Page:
DE NIRO: Well, he passed away in May, so I thought it would be a nice thing to do—and the movie’s about fathers and sons. I love his art. I’m very proud of it, but I wasn’t an art enthusiast the way he was. It was his whole life.
BRANT: The film’s based on Chazz Palminteri’s one-man play, about a boy, Calogero, growing up in the Bronx in the ’60s and coming under the influence of a neighborhood mobster, Sonny. How did you come across Chazz’s play?
DE NIRO: My trainer told me about it four or five years ago, so I told Jane [Rosenthal, De Niro’s partner at Tribeca Productions] to go see it when she was in L.A. She said, “Yeah, it’s very good, but Chazz wants to play the part of Sonny himself if it’s made into a film.” At first, I didn’t want anything in the ingredients if I did a film of it—I wanted a totally clean slate—but I saw it and liked it and liked Chazz. While he was writing the screenplay I said, “Let me make this clear. If you give it to a studio, they’ll play you for it and people will get involved and they’ll give the Sonny part to another actor. If you give it to me now, I can guarantee you’ll be in it and we’ll set it up our own way and I’ll have more control, which is what I want. I don’t want any producer getting in the way and telling me what to do.” I didn’t want all that mishmoshing—I knew what had to be done.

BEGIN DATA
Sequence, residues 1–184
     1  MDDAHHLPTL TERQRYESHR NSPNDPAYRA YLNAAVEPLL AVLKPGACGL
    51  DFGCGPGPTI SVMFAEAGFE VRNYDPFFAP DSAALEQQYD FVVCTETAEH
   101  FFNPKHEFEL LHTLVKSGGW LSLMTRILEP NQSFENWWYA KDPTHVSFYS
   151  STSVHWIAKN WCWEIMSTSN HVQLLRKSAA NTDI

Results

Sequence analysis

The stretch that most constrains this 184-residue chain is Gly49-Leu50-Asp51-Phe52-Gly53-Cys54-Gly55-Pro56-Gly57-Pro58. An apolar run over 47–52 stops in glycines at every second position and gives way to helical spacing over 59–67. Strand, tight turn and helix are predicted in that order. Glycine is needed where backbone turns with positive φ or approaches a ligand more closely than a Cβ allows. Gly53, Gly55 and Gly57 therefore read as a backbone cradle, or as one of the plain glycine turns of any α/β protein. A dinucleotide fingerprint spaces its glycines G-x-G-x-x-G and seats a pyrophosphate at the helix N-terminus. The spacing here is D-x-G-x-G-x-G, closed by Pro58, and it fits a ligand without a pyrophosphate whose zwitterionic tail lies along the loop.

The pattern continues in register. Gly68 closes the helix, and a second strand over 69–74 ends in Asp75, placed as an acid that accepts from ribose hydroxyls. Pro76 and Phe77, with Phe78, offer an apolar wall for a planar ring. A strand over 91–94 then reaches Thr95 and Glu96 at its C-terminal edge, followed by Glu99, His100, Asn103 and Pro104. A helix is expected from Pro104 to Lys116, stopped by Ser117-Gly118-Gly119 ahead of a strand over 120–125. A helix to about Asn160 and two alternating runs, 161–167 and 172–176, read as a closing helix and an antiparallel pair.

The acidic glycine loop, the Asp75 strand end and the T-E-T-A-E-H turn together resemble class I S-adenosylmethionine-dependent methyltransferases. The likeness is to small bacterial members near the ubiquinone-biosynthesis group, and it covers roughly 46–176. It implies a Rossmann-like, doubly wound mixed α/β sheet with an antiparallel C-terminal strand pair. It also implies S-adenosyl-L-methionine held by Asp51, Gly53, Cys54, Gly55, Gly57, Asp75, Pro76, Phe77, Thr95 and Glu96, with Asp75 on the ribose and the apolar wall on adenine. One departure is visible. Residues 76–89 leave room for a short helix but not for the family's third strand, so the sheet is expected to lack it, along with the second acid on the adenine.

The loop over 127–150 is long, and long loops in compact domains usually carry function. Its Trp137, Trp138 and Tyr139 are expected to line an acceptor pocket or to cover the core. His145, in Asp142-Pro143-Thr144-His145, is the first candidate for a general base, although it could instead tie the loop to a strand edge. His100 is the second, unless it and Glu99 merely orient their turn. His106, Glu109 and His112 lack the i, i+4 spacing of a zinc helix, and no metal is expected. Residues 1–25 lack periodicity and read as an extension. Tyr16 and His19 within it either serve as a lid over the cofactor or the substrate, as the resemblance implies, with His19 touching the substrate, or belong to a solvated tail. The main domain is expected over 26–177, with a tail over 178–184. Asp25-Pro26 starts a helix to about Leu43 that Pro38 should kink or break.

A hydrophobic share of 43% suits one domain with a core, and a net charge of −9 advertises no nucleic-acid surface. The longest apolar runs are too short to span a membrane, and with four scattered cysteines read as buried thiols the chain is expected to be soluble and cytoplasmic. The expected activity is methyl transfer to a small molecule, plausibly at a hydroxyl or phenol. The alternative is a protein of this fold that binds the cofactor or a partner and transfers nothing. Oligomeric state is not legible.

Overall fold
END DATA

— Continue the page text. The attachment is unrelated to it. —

I felt like Chazz had written from such a specific point. He knew that world, he knew what he was writing about. He wrote great characters, had a very good structure. I just had to fill it with the right people, and I didn’t want to use any name actors—other than Joe Pesci, who was perfect, because he knows that world too. A few other actors had parts, but mostly we worked with nonprofessionals. I told the casting director, Ellen Chenowith, that I didn’t want her to start calling the agents. I said, “It’s not going to be the usual way of casting a movie. You have to hit the streets now, a year before we start shooting. You gotta get out there and look. I know the people we want are out there. But I don’t have time to teach them. It would take forever to do that, so we just have to get the right people, who have a flair and understand what we are doing, and then put them together.” That was very important, because that world is like a medieval village. It’s a world unto itself—like it says in the film. We had a wonderful story, and the way to make it work was to have people be totally authentic, totally believable. Even their awkwardness would work for the movie. We had a kid, Marco Greco, who runs the Belmont Italian-American Playhouse in the Bronx, send us tapes of local people, and we’d bring some of them in to read. We looked in Philadelphia, we looked in Chicago—anywhere with an urban feeling. I said to the casting director, “Keep putting out the ads, on the radio stations, in the uptown papers, in the local community papers. Keep hammering away. I want to keep looking until the day we start shooting. I don’t want to stop until we’re totally satisfied.”